Tuesday, November 04, 2008

Book Review: Faith & Doubt, by John Ortberg


My pastor is always quoting books by author John Ortberg, so I was really excited when I was offered the chance to review his latest, Faith & Doubt. The topic was especially intriguing because it’s one that often stays in the closet. Most of us have probably had doubts about God at one point or another in our lives, but we feel ashamed about lacking faith and often keep it to ourselves, hoping it will pass. But, in Faith & Doubt, Ortberg assures us that doubt is not the opposite of faith. In fact, it can actually strengthen our relationship with God! Ortberg admits that even he has struggled with faith in God. And great Christians like Billy Graham and Mother Teresa have also expressed feelings of doubt. It’s comforting to know that faith and doubt can walk hand-in-hand. So, this book answers the question: “Is it possible that doubt might be one of those unwelcome guests of life that is sometimes, in the right circumstances, good for you?”

John Ortberg is a master at using real-life stories and down-to-earth writing to explore the religious issues that we all grapple with. He tackled materialism in When the Game Is Over, It All Goes Back in the Box. He spoke of fear and courage in If You Want to Walk on Water, You’ve Got to Get Out of the Boat. And he wrote about having an intimate relationship with God in God Is Closer Than You Think. But, of all these issues, I think that doubt is a “biggie” in today’s world. It’s far too easy to wonder if God exists when we see tragedy and violence all around us. If there is a God, we tell ourselves, why doesn’t he stop all the awful things from happening? Why did he let a child die, or a house burn down, or a father of six lose his job? These are questions that all of us grapple with. It’s easy to have faith when things are going well, but much more difficult to hang onto when they aren’t.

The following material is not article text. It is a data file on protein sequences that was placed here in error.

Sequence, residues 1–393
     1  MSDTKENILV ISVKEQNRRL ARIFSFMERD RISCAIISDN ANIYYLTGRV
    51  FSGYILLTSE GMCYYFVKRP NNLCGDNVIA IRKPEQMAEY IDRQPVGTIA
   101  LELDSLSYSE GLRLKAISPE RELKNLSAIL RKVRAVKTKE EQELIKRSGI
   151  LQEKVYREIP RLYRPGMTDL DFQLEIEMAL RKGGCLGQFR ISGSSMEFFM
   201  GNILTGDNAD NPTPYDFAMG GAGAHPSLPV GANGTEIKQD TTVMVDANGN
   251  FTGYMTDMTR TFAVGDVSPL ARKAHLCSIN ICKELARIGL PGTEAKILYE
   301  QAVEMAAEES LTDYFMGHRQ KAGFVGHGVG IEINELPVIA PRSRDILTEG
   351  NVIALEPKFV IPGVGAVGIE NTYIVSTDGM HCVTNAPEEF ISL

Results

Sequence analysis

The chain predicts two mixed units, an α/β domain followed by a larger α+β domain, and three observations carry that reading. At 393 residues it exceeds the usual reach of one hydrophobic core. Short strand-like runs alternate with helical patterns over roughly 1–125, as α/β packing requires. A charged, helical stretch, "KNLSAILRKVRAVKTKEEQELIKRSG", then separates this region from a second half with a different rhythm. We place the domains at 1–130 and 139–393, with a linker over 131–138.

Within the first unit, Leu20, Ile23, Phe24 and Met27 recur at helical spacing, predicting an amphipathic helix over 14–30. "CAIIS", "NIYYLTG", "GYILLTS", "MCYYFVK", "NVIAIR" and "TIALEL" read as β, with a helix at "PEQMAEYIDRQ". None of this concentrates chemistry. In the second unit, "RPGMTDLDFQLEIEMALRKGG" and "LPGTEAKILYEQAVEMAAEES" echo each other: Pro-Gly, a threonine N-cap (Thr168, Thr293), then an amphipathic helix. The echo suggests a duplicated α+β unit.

Of course, doubt isn’t always okay. It can have very negative and serious consequences. “I often find myself wishing, given the damage that doubt can do, that God would just remove it,” writes Ortberg. “But he generally doesn’t. Maybe he has a reason not to.” Ortberg knows that God can use doubt to help us grow. “Sometimes doubt can do good in us. It can motivate us to study and learn. It can purify false beliefs that have crept into our faith. It can humble our arrogance. It can give us patience and compassion with other doubters. It can remind us of how much truth matters.”

In Faith & Doubt, Ortberg doesn’t shy away from the tough issues, but addresses them head-on. He answers the questions we have about belief and comforts us in our doubts. And, in closing, he explains why, despite his doubts, he chooses to believe. If you’ve never once in your life doubted God’s existence or promises, then feel free to skip this book. But if you are like most of us with imperfect faith, Faith & Doubt is eye-opening and highly recommended.

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